Table 4 lists the effects of payload size on the bandwidth requirements of various codecs.

Table 4 Voice Codec Characteristics 

Algorithm
Voice
BW
(kb/s)
Frame
Size
(bytes)
Cisco
Payload
(bytes)
Packets
per
Second
IP/UDP/RTP
Header
(bytes)
CRTP
Header
(bytes)
L2
Layer 2
Header
(bytes)
Total
Bandwidth
(kb/s)
No VAD
Total
Bandwidth
(kb/s)
With VAD

G.711

64

80

160

50

40

Ether

14

85.6

42.8

G.711

64

80

160

50

2

Ether

14

70.4

35.2

G.711

64

80

160

50

40

PPP

6

82.4

41.2

G.711

64

80

160

50

2

PPP

6

67.2

33.6

G.711

64

80

160

50

40

FR

4

81.6

40.8

G.711

64

80

160

50

2

FR

4

66.4

33.2

G.711

64

80

80

100

40

Ether

14

107.2

53.6

G.711

64

80

80

100

2

Ether

14

76.8

38.4

G.711

64

80

80

100

40

PPP

6

100.8

50.4

G.711

64

80

80

100

2

PPP

6

70.4

35.2

G.711

64

80

80

100

40

FR

4

99.2

49.6

G.711

64

80

80

100

2

FR

4

68.8

34.4

G.729

8

10

20

50

40

Ether

14

29.6

14.8

G.729

8

10

20

50

2

Ether

14

14.4

7.2

G.729

8

10

20

50

40

PPP

6

26.4

13.2

G.729

8

10

20

50

2

PPP

6

11.2

5.6

G.729

8

10

20

50

40

FR

4

25.6

12.8

G.729

8

10

20

50

2

FR

4

10.4

5.2

G.729

8

10

30

33

40

Ether

14

22.4

11.2

G.729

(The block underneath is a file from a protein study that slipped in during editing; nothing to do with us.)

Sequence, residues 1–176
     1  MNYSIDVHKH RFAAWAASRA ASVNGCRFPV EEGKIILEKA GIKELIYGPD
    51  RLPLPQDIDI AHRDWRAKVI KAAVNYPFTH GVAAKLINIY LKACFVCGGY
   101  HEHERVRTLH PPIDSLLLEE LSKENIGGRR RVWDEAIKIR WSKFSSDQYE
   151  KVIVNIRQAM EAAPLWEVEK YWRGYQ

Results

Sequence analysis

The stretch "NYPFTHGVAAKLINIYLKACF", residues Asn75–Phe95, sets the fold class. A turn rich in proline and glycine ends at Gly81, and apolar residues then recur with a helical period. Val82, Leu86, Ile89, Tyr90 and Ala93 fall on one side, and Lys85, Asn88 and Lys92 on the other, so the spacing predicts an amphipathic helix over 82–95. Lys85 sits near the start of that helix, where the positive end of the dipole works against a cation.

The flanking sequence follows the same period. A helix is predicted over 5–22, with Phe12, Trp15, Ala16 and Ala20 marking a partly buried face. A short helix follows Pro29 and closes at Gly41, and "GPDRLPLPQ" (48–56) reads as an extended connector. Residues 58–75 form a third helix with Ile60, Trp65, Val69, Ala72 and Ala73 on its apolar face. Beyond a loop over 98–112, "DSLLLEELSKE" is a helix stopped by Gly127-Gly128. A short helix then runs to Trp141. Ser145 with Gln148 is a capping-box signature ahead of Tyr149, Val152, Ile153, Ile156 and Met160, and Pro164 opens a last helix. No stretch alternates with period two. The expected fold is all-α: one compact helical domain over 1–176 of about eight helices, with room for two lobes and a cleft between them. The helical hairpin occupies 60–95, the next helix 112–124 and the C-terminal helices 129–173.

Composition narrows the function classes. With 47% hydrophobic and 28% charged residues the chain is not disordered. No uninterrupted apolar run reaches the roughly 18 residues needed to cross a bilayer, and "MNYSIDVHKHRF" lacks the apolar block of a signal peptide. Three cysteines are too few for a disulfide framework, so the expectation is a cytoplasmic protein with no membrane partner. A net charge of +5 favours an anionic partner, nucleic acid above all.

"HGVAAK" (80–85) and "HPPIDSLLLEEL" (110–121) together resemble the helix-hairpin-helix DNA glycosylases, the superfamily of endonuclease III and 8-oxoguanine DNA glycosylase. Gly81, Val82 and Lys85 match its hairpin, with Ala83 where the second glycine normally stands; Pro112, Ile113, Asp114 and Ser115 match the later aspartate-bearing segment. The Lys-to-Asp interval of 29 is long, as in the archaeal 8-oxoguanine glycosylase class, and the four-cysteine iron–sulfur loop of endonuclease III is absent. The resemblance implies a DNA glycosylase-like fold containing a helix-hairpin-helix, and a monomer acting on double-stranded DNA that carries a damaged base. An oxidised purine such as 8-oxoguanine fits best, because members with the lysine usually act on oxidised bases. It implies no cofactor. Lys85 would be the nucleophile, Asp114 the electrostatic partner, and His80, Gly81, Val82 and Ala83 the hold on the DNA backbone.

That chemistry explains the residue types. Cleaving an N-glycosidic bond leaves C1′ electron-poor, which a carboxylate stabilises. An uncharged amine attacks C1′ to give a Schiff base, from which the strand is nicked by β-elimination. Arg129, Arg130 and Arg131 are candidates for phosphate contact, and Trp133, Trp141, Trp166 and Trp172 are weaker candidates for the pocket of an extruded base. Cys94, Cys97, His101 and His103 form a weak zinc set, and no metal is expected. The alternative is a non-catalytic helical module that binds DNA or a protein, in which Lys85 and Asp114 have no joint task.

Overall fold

8

10

30

33

2

Ether

14

12.3

6.1

G.729

8

10

30

33

40

PPP

6

20.3

10.1

G.729

8

10

30

33

2

PPP

6

10.1

5.1

G.729

8

10

30

33

40

FR

4

19.7

9.9

G.729

8

10

30

33

2

FR

4

9.6

4.8

G.723.1

6.3

30

30

26

40

Ether

14

17.6

8.8

G.723.1

6.3

30

30

26

2

Ether

14

9.7

4.8

G.723.1

6.3

30

30

26

40

PPP

6

16.0

8.0

G.723.1

6.3

30

30

26

2

PPP

6

8.0

4.0

G.723.1

6.3

30

30

26

40

FR

4

15.5

7.8

G.723.1

6.3

30

30

26

2

FR

4

7.6

3.8

G.723.1

5.3

30

30

22

40

Ether

14

14.8

7.4

G.723.1

5.3

30

30

22

2

Ether

14

8.1

4.1

G.723.1

5.3

30

30

22

40

PPP

6

13.4

6.7

G.723.1

5.3

30

30

22

2

PPP

6

6.7

3.4

G.723.1

5.3

30

30

22

40

FR

4

13.1

6.5

G.723.1

5.3

30

30

22

2

FR

4

6.4

3.2


Point-to-Point Versus Point-to-Multipoint